Superstar Justin Timberlake plays Napster founder Sean Parker as an overconfident millionaire playboy who's facade of perfection is on the cusp of its inevitable crumble. He steps in to help Zuckerberg and company realize the full potential of such a radical idea as Facebook and he is first worshiped and then villainized all within an hour of screen-time. His character slowly pulls a believable "180" without ever coming across as evil or mean. I credit this more to Sorkin than Timberlake, although J.T. does his job well.

That's the plot in a nutshell. But the real meat of this film comes in the character study of Mark Zuckerberg. Is he really the nerdy, introverted and manipulative sociopath that the filmmakers have portrayed him as in real life? Does it really matter? For just another film-goer and Facebook-member like myself, I will probably forever see Jessie Eisenberg in my head every time I hear the name "Mark Zuckerberg" in the news, so this is the image that will prevail to the public. And the character was made deeper and more interesting to watch this way. It would make sense that someone with these particular personality traits, combined with the super-powers of divine computer programming skills and the ability to read social structures as mathematical algorithms, would have not only the ability to create the world-wide phenomenon that is Facebook, but the balls and the greed to pull it off. And yet, as the film's initial statement about Zuckerberg's asshole-ishness is again addressed at the end, it's all fueled by something else... something to which any of us can fall prey: desire.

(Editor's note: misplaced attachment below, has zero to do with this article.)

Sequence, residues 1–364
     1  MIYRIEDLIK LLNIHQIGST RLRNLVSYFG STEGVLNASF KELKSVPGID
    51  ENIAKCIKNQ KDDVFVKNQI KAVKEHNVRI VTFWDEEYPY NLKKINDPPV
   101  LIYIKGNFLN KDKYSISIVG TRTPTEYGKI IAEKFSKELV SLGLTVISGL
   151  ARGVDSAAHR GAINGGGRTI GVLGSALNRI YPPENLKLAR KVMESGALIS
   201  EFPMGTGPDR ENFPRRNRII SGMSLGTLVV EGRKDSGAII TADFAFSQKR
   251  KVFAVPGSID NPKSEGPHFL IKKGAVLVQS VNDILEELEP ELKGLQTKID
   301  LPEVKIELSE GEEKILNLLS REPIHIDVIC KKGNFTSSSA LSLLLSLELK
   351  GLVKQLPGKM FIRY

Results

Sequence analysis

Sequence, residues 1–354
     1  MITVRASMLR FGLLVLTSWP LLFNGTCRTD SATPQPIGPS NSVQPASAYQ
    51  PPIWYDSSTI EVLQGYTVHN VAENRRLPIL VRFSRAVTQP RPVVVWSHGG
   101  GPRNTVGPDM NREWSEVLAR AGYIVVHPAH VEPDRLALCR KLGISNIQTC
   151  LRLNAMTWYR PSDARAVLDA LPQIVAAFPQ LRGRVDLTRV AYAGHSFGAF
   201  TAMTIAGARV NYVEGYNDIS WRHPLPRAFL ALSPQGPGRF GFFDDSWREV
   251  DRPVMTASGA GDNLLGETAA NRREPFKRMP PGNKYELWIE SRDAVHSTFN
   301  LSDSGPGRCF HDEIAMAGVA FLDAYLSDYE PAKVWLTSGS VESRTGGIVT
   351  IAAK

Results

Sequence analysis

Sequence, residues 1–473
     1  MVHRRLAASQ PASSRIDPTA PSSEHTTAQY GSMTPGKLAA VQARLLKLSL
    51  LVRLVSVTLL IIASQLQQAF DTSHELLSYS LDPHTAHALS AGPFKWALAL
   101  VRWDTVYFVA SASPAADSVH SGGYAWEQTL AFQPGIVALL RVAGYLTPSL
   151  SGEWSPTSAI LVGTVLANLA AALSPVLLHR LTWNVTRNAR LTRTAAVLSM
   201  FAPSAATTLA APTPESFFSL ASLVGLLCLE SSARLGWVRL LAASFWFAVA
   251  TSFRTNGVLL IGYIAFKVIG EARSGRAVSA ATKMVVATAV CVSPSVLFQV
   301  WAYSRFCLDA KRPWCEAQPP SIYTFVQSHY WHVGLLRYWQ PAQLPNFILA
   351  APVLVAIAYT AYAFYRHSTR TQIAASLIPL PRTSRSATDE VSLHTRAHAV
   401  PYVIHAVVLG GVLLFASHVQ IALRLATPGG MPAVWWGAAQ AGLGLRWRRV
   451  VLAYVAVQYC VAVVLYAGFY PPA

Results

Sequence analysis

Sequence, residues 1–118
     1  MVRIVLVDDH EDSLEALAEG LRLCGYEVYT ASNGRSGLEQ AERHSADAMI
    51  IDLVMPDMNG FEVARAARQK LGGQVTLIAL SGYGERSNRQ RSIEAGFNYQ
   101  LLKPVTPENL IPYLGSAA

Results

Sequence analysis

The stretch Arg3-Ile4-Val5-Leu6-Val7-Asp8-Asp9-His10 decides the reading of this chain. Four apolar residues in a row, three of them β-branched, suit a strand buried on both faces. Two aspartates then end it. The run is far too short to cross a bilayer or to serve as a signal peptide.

The film ends without ending, for the story is still going on as we speak. Zuckerberg is the youngest billionaire in the world, Facebook has over 500 million members in over 200 countries world-wide, is valued at over $24 billion and undoubtedly, the real-life drama is still raging on behind closed doors. The film ends almost unexpectedly, with loose-ends still not tied up, relationships still unstable and lawsuits yet to be closed... and rolling the credits in the midst of such tension reminds us how ├╝ber-present this situation really is (as well as situations like it that we may know from our own lives).

As clean, simple and everlasting as it all appears to the general public from this side of the Facebook main page on our computer screens, one thing I took away from this film is the reminder that nothing lasts forever. Not MySpace, not Napster, not friendships nor fortune. Not Facebook. Not glory. The only constant in the universe is change. And perhaps its only fuel is desire.